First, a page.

WASHINGTON – During his presidential campaign, Joseph R. Biden Jr. said the United States should mobilize $ 20 billion to stop the destruction of the Amazon rainforest and impose “significant economic consequences” if deforestation continues.

The Conservative Populist President of Brazil, Jair M. Bolsonaro, replied in Portuguese: “OUR SOVEIGNITY IS NON-NEGOTIABLE.” he wrote on Twitter. Brazil’s new leadership “no longer accepts bribes, criminal demarcation, or unfounded threats.”

On Friday, a non-partisan coalition of seven former cabinet secretaries and climate change negotiators pushed President Biden forward.

“The Amazon rainforest is absolutely necessary for the world. It stabilizes the earth’s climate and rainfall, feeds tens of millions of people, and is home to more wildlife than anywhere else, ”said Bruce Babbitt, former Arizona governor and home secretary during the Clinton administration.

Mr Babbitt’s group, in a letter to Mr Biden and Vice President Kamala Harris on Friday, outlined an “Amazon Protection Plan” that focused on money, trade deals, financial regulations and corporate obligations. The aim was to add to Mr Biden’s election pledges and a US State Department policy on Wednesday to develop guidelines to protect the Amazon.

“Congress and the American people have a long history of helping conserve the Amazon rainforest. It’s something inspirational and tangible to leave behind, ”wrote the group that includes two former Environmental Protection Agency administrators who served under Republican administrations, Christine Todd Whitman and William K. Reilly; Todd D. Stern, President Barack Obama’s Special Envoy on Climate Change; Tim Wirth and Frank E. Loy, both serving as secretaries of state for global affairs in the Clinton administration; and Stuart E. Eizenstat, who chaired the US delegation to negotiate the 1997 Kyoto Protocol climate agreement.

The coalition is calling on Mr Biden to convene a White House summit to urge business leaders to fund at least a billion tons of greenhouse gas reductions in the Amazon by 2025. They also called on Mr. Biden to extend the “debt for nature” swaps and negotiate such agreements with governments in the Amazon.

At the heart of the proposal is avoiding deforestation at the heart of trade agreements and closing loopholes to deter forest crimes abroad.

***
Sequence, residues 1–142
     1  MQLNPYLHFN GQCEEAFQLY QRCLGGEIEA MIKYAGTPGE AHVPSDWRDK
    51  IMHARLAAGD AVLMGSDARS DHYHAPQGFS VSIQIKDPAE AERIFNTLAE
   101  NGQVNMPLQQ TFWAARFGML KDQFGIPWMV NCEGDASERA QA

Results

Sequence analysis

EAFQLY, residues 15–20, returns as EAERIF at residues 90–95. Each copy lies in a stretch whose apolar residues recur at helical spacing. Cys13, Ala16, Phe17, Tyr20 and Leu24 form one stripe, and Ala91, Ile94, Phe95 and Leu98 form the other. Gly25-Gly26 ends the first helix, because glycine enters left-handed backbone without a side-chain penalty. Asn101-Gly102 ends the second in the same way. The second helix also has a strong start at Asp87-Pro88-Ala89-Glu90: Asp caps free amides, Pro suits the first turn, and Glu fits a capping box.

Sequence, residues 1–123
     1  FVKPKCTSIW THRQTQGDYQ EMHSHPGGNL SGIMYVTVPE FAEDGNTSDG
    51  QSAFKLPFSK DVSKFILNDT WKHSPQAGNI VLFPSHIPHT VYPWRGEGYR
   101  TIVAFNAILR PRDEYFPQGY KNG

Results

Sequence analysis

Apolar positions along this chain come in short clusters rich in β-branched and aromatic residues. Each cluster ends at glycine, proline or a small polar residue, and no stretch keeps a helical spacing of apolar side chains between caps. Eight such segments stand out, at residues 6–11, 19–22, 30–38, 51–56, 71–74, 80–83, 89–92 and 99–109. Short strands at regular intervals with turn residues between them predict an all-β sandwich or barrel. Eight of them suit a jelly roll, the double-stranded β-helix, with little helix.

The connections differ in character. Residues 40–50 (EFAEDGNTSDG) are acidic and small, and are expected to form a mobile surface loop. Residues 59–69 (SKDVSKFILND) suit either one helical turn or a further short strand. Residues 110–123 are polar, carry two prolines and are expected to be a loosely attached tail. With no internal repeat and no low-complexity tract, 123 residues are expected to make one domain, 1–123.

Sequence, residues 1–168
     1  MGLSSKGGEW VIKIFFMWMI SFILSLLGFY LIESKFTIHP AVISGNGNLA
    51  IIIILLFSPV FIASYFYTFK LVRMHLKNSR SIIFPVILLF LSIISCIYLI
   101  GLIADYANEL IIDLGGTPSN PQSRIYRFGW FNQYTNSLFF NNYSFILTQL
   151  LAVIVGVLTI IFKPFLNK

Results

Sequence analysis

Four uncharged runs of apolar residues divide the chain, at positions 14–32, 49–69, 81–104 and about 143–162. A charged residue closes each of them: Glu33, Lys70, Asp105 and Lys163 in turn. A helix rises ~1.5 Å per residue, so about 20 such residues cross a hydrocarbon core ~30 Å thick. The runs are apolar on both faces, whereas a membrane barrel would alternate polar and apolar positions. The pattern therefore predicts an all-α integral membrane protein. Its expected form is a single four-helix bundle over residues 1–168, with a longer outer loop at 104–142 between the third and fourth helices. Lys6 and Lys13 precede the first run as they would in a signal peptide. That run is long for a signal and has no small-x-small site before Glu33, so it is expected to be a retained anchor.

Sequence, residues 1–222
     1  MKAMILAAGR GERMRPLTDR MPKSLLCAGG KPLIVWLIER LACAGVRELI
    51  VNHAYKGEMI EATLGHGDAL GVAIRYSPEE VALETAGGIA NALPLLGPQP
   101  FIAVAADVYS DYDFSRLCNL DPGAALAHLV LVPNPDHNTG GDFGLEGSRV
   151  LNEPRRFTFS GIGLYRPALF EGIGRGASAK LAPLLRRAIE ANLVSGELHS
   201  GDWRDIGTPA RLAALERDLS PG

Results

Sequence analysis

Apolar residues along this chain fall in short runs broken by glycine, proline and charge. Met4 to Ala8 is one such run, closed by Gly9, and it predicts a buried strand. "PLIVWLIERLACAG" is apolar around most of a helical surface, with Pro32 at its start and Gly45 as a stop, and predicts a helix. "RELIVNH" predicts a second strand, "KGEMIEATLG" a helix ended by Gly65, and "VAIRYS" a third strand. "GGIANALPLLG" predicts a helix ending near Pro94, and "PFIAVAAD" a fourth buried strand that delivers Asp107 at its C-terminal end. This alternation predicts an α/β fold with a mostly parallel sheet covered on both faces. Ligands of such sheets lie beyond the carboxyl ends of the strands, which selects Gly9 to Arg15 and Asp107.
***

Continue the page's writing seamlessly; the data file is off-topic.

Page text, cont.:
Companies are already banned from importing wood from forests that have been illegally logged. However, this does not apply to beef, soy or other agricultural products that may be grown or grown on illegally deforested land.

“We are inadvertently creating a financial incentive for criminals to set the Amazon on fire and convert it into farmland,” said Nigel Purvis, former US climate negotiator and chief executive of Climate Advisers, a Washington political group.

A spokesman for John Kerry, Mr Biden’s international climate commissioner, said the office will include deforestation experts and protecting the Amazon will be “an important element of US climate diplomacy.”

In a letter to Mr Biden last week, after weeks of repeating unfounded allegations of electoral fraud by his close ally Donald J. Trump, Mr Bolsonaro expressed hope that the United States and Brazil could reach a trade deal.

Mr Babbitt said “sensible environmental provisions in trade agreements” could be the main way to curb deforestation.

Scientists have long said that any hope of preventing global temperatures from rising to catastrophic levels includes restoring the world’s degraded forests, particularly the Amazon.

Under Bolsonaro, deforestation in the Brazilian Amazon reached a record high last year when about 4,280 square miles, an area slightly smaller than Connecticut, were destroyed, according to the Brazilian National Space Research Agency.

Thomas Shannon, who served as Ambassador to Brazil between 2010 and 2013, said pressure on Mr Bolsonaro alone would not work.

“Brazil is not bullied” Mr. Shannon said. President Biden’s challenge, he added, “is to create a diplomacy that will convince Brazil that there is a reason to get involved again in the world,” he said.